SMSF Association cautions APESB on referral fees
Costly unintended consequences may flow from the Accounting Professional and Ethical Standard Board’s (APESB’s) proposed amendments to its code of ethics impacting auditor referral fees, according to the SMSF Association.
The Association is urging caution on introducing a 20% threshold for auditor referral fees as outlined in the draft amendments.
SMSF Association chief executive, John Maroney said his organisation concerned that introducing a threshold would become a dominant focus of the draft amendments and might have unintended consequences.”
He said that after consulting widely with members, the Association’s view is that:
The current framework and standards should be retained and supplemented by Regulator guidance to address industry specific issues and concerns;
If a threshold test must apply, a 30% threshold should apply in respect of total fees from multiple audit clients referred from one source, ensuring a consistent approach to other proposed amendments; and
Introduce a two-year period in which auditors must consider audit fees from a single referral source.
Maroney said the ASPESB’s exposure draft did not address at what point in time the threshold test must be considered or applied, resulting in a vastly different outcome when applied at different points across a financial year.
“We are concerned that an auditor may take genuine steps to comply with the standards, yet still fall foul of these provisions if a regulator or a court were to apply the threshold at a different point in time,” he said. “An auditor may, in good faith, undertake an assessment of their likely fee income and sources for the year at the start of a new financial year. Although fees, including referral fees, for the previous year may assist in a budgeting or planning process, there are no guarantees that the same level of work will be received the following year.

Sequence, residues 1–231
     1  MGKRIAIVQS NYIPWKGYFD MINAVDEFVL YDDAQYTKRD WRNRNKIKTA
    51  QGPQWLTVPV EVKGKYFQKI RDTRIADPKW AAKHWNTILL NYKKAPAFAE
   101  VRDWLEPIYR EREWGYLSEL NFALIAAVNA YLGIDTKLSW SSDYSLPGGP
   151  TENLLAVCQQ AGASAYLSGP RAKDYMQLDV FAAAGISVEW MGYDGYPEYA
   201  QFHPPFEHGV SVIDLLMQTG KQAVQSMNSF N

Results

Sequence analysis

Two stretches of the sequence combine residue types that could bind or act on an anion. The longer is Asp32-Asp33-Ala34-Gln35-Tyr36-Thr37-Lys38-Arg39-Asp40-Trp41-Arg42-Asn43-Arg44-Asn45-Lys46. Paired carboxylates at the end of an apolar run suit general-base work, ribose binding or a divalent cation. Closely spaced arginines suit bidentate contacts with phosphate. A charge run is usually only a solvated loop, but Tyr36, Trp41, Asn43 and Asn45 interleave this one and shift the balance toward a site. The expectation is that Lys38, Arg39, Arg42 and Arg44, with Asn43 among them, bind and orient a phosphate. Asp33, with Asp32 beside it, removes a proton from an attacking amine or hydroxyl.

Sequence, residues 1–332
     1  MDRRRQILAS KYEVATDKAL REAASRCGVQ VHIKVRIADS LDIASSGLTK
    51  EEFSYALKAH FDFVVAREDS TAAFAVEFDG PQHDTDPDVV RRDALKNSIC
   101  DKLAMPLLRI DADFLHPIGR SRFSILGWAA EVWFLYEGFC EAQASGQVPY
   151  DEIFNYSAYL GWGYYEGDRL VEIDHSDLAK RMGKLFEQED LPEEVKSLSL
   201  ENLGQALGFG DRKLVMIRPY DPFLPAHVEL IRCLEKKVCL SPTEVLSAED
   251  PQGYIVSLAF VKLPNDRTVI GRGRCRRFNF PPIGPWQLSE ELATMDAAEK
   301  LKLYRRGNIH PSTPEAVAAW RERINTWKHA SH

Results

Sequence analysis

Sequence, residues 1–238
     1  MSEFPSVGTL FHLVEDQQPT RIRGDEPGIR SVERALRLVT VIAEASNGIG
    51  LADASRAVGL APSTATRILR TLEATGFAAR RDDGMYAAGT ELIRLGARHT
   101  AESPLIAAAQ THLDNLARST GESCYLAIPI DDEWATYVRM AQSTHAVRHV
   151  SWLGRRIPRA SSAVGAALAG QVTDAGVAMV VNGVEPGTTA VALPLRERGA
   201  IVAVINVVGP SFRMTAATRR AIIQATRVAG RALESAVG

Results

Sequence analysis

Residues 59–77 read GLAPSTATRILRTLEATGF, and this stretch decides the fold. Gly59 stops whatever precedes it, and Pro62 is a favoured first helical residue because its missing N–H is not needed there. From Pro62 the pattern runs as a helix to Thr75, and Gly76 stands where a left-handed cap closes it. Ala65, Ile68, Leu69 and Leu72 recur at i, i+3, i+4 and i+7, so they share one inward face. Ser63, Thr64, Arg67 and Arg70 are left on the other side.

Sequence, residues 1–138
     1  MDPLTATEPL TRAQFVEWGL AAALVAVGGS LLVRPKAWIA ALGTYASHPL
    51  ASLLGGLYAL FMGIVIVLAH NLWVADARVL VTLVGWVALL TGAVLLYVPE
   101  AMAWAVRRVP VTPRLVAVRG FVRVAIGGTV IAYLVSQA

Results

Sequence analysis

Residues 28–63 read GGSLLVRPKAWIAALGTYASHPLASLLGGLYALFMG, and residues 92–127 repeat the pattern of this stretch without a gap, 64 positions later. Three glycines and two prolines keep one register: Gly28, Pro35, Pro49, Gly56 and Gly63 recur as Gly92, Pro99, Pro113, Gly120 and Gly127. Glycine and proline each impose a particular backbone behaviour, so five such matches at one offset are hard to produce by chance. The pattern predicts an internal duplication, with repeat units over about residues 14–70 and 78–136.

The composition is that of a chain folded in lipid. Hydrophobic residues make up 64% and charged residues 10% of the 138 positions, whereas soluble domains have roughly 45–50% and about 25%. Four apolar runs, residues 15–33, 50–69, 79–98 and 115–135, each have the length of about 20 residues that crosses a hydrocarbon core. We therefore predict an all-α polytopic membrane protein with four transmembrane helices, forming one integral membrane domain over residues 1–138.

“There are various external factors that will impact the referral of audits that may not be known by the auditor. An unexpected increase or decrease in referrals may occur during the year. Indeed, fluctuations are not uncommon. It is the extent or degree that often cannot be determined.”
Maroney said members also raised concerns about how they are to assess a proposed new referral of audit fees. “In practice, these are not guaranteed to come to fruition. A new referral partner may indicate at the start of the relationship to submit, for example, 100 SMSFs for audit. However, only a small fraction of these may be received.”
He adds that the Association’s members are concerned that introducing a codified threshold will become a hard test requiring them to decline some, if not all the audits referred to them from a particular referral source.
“The concern is that the Regulator’s intent for these proposed changes, and industry’s interpretation of them, may differ to any further interpretive guidance contained in a future version of the Independence Guide. Future guidance may result in any thresholds that are codified, evolving into a hard threshold test.
“Concerns were also raised around the potential increase to compliance costs and the costs to SMSF trustees.”
He concluded that the proposed measures have added complexity. For some firms, due to their size and structure, the threshold test will need to be applied at multiple levels. “If the test is applied at the firm level, accounting for firm wide income, this could result in audit fees from one referral source falling well below a prescribed threshold. However, when we distil that down further to the individual auditor, the outcomes can be very different.”